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The vertical fin built at the Al Ain plant will be delivered to the Boeing factory in the US. As for Strata Manufacturing, it's gaze is not confined to the atmosphere alone. Image Credit: Bloomberg

Dubai: Al Ain’s Strata isn’t one to limit itself to building for just one space.

Having just built and delivered a vertical fin to be used on Boeing’s Dreamliner 787 aircraft, the Mubadala-owned company is busy with making components for MMZ-SAT, the second UAE-made satellite that will be launched in 2023. This is as per a MoU with Mohammed Bin Rashid Space Centre (MBRSC).

“The aim of the MoU is to become the local manufacturing partner for space systems - this is a new area that we want to pursue,” said Ismail Abdulla, CEO of Strata Manufacturing. “We do have the manufacturing footprint, we do have some knowledge and it would support us to enter into that domain.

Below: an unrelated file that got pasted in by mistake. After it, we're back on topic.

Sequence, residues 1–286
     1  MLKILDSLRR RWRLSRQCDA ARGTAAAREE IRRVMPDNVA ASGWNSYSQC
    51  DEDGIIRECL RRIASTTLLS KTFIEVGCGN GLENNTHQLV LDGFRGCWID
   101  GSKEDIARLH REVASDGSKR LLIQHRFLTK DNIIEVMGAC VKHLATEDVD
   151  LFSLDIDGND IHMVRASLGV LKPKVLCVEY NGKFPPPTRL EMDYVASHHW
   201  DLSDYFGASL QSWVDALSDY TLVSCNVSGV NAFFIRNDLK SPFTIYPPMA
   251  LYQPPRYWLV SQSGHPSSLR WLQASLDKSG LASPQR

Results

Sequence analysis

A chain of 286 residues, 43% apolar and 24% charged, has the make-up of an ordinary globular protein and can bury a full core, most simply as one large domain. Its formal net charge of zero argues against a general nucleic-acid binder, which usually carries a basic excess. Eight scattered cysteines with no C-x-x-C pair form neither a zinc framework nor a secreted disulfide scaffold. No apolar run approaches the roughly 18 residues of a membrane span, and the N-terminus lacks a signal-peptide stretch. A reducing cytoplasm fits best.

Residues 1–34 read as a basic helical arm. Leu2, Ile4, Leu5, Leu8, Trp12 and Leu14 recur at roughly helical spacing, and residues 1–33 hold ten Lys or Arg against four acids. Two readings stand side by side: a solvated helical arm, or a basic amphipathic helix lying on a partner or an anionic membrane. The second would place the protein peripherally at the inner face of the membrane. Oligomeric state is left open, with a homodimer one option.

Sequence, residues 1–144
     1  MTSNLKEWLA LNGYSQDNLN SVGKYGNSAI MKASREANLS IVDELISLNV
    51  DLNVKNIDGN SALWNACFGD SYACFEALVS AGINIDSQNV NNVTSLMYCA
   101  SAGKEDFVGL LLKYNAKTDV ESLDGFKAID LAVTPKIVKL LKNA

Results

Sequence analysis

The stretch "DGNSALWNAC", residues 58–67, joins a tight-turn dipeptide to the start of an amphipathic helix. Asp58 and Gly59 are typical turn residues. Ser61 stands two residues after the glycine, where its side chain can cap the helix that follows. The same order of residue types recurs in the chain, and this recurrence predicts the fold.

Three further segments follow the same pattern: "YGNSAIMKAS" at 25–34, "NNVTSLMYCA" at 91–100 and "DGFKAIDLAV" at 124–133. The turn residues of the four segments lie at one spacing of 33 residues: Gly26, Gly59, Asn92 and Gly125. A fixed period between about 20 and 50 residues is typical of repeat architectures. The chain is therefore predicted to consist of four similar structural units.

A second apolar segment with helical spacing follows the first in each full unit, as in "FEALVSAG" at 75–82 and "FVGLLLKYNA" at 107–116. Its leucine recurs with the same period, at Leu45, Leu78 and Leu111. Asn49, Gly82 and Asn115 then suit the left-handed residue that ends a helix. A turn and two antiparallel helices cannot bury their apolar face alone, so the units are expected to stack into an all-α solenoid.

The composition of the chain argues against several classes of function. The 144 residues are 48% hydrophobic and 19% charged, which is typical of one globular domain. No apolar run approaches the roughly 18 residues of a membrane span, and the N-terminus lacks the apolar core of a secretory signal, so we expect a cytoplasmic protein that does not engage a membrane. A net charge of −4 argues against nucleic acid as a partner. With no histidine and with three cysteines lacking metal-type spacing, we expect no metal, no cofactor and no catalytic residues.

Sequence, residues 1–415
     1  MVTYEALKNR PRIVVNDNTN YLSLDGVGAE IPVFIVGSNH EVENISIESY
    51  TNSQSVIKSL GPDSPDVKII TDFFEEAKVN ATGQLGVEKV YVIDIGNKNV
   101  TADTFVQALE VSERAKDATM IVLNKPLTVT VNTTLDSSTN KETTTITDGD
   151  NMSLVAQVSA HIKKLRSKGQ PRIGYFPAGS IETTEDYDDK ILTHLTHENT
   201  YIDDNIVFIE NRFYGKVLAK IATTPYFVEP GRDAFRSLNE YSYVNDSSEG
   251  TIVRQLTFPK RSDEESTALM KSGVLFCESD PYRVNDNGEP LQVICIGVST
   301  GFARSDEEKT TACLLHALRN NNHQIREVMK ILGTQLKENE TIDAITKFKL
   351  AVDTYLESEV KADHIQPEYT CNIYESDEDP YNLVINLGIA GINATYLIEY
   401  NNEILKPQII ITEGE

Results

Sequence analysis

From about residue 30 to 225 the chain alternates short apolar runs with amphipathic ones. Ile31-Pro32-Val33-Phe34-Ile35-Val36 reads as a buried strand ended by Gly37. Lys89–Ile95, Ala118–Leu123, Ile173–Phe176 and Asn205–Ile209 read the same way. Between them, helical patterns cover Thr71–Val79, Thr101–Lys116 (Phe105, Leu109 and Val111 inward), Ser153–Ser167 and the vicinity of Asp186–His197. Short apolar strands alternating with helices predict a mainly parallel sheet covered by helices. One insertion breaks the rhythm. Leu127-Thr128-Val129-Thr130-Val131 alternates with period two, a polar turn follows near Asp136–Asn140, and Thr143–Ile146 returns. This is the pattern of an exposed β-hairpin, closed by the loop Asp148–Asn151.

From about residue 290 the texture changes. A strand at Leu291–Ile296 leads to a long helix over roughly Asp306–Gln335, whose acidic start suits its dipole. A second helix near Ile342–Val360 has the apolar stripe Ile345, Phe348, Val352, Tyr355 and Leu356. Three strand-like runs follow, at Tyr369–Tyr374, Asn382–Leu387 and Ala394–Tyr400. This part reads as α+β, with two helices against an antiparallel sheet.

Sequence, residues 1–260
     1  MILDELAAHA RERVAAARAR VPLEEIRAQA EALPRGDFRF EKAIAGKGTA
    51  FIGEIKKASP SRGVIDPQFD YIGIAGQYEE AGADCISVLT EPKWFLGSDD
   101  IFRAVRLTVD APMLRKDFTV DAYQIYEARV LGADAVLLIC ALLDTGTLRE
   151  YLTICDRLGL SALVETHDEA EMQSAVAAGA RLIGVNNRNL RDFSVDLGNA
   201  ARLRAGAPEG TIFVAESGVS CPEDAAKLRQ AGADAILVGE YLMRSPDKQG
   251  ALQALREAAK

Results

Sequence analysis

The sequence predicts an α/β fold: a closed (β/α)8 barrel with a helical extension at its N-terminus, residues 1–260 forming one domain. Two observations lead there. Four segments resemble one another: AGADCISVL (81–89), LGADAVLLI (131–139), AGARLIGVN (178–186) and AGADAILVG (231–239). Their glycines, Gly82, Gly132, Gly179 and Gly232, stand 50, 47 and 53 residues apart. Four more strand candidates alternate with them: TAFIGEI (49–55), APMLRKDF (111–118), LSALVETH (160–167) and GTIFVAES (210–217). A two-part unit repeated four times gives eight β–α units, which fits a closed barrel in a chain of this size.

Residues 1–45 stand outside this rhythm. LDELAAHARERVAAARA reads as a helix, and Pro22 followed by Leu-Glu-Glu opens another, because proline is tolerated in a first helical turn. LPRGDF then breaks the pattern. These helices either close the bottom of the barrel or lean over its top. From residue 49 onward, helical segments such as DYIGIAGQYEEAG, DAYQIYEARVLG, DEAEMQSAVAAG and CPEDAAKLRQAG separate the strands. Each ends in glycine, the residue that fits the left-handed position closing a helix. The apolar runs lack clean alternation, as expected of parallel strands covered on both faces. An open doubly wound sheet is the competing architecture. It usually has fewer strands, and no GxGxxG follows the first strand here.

“We are actively engaged with MBRSC to look at other opportunities.”

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Innovation, not cost

A major hurdle for governments - and entrepreneurs – angling for a role in space has been costs. The Strata chief takes a slightly different view on the matter.

Elon Musk and Jeff Bezos entering the space race did reduce overall costs, but the major driver remains innovation, said Abdulla. “What they are using are much more innovative than previous systems being used by NASA.”

Boeing handover

We do have the manufacturing footprint, we do have some knowledge and it would support us to enter into that domain (space)

- Ismail Abdulla

Last week, Boeing received the first vertical fin built and assembled in the UAE for its 787 Dreamliner. “We continue to engage with all our strategic partners,” he added. “We look at opportunities on existing or new platforms - so this is part of our continuous engagement with them.”

Although Strata’s current programmes involve wide-body aircraft, it is talking to several original equipment manufacturers (OEM) to see if there are any opportunities in narrow-body options.

There are many who predict an industry-wide shift to narrow-body aircraft and the point-to-point airline model in the future. “I believe the jury is still out on that,” said Abdulla.

“The pandemic showed the supply chain that we have the aerospace industry is not a sustainable one.”